‘You shall know the difference now that I am back again’ Achilles
Mira Schendel is undoubtedly the best artistic discovery I have made so far, in spite of the fact that she seems to be very well-known in Brazil, where she created all her work and where she died 25 years ago. Her biography is extremely fascinating as it has those elements that, sometimes, are able to stir fabulous creative responses in talented people. Not only are displacement and emigration (in 1938 she was forced to leave Italy where she was studying philosophy due to her Jewish heritage, lived afterwards in other European countries until her definitive moving to Brazil in 1949) crucial to her life but also to her work.
As I was walking along the rooms in Tate Modern last Sunday, I went through what I, later on, realized to be a spiral of artistic experiences. Quite often, in retrospective exhibitions, you are aware of the linear evolution of the artist from the first rooms containing early and immature works to the last ones representing the height of the artist`s career. Mira Shendel`s artistic trajectory, however, seems to be spiral rather than linear. As a matter of fact, the spiral, together with circles and arrows, is one her recurrent figures throughout her oeuvre, suggesting the concept of permanent change. And it was that constant shift in her work that I felt during my visit to her exhibition. Utterly different aesthetic and sensorial experiences at the same level of maturity and intellectual complexity are awaiting for you in every single room.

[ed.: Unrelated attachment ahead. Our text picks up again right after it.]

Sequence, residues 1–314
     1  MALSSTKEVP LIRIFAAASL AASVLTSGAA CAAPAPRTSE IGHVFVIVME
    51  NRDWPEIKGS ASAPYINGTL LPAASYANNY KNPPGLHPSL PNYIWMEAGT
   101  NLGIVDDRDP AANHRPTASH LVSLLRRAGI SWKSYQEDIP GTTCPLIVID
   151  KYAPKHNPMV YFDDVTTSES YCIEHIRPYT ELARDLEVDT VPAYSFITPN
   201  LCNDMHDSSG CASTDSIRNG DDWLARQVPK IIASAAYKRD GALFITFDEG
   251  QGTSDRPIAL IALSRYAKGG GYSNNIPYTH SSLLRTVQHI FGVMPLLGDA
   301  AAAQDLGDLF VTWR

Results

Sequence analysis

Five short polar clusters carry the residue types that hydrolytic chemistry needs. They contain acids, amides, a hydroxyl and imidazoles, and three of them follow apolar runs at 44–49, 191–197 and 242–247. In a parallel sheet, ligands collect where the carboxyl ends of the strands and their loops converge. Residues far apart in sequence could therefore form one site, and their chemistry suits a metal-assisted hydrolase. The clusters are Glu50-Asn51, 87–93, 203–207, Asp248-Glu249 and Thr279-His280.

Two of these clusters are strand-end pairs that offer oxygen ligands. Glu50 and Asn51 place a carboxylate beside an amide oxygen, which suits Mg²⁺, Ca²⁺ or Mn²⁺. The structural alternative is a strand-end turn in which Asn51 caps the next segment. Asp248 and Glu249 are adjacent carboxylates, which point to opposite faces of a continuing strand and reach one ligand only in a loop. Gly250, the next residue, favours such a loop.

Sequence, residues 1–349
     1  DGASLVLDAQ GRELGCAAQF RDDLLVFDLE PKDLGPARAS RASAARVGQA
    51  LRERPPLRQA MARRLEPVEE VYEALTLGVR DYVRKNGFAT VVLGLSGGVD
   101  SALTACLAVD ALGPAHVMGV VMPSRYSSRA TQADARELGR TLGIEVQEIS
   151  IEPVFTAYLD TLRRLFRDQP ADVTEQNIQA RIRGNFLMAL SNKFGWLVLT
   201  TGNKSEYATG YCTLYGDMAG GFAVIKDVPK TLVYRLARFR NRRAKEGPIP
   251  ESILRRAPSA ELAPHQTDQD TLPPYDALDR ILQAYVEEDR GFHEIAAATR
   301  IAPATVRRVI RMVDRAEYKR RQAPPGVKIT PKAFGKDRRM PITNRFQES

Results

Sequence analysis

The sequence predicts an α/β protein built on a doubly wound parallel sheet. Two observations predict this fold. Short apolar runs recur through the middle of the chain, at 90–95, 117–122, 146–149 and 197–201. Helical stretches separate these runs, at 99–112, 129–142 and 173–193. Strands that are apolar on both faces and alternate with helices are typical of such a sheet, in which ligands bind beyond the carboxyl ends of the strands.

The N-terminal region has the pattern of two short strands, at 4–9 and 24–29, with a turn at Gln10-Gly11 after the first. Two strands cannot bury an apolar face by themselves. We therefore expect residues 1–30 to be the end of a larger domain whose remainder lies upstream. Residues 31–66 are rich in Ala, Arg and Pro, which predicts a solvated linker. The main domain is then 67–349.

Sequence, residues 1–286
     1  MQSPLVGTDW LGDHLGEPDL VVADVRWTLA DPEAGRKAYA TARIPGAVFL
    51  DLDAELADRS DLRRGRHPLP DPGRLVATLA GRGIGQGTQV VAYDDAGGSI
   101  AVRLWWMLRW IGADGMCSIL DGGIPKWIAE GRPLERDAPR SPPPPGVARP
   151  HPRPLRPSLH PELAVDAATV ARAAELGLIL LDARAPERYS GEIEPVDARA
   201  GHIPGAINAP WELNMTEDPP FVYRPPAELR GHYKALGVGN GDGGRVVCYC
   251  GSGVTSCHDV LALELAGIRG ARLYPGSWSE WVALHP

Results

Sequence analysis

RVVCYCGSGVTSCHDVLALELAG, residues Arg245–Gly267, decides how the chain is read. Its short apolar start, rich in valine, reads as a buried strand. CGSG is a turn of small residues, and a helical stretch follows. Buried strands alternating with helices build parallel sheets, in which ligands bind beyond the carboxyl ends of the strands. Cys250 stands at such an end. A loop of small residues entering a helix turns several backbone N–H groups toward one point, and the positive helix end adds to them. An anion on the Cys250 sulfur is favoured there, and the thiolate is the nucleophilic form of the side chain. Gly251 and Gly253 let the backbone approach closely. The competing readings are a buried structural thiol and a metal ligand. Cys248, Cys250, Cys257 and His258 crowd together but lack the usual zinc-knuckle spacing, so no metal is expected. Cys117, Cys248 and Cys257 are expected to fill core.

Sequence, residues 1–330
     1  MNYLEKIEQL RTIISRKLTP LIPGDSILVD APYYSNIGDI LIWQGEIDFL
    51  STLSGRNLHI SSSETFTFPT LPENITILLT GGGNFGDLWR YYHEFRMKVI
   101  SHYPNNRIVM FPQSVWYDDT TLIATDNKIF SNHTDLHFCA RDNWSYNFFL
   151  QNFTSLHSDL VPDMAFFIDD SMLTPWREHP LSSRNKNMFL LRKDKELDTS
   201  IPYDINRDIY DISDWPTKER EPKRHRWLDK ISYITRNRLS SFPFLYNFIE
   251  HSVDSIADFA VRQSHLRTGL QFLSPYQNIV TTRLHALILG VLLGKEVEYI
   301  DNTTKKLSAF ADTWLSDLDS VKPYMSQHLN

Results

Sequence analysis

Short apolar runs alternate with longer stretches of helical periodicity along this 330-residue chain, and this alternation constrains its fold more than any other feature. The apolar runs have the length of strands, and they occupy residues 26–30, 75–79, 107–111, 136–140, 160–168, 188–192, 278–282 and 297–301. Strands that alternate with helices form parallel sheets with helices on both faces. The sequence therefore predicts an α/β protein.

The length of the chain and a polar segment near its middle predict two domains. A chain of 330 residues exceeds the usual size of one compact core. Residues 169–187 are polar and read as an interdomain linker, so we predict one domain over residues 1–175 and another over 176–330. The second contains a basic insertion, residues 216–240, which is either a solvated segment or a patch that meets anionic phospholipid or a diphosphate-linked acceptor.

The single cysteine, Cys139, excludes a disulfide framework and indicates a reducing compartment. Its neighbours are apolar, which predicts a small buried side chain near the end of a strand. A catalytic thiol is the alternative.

The visual silence of ‘Still Waves of Probability’
Her work appears to be strongly inspired or influenced by philosophy, both Western and Eastern, but even if you lack such a background, as it is my case, you can absolutely appreciate the extreme beauty of the mattery textures, subtle transparencies, restrained palette, fragile materials, ethereal and mesmerizing installations, sheer geometry, impeccable graphic compositions. She experimented with the possibilities of Japanese rice paper, pushing its transparent properties to the limit; with acrylic stone, in which she fossilized letters, those symbols that she turned into individual graphic entities, devoid of context and, consequently, meaning; with coarse and cheap materials such as jute instead of canvas; and with notebooks. Her spectacular notebooks are not conventional sketchbooks but delicate objects to experience and feel as a whole, as an individual work of art. Each transparent page contains a stunning graphical composition which needs what is partially seen in other pages to be complete.
Simple in its complexity, delicate, restrained, exquisite, Mira Schendel work is just sublime, a pure delight.
‘It is a way of saying other softer things – or saying nothing…’ Mira Schendel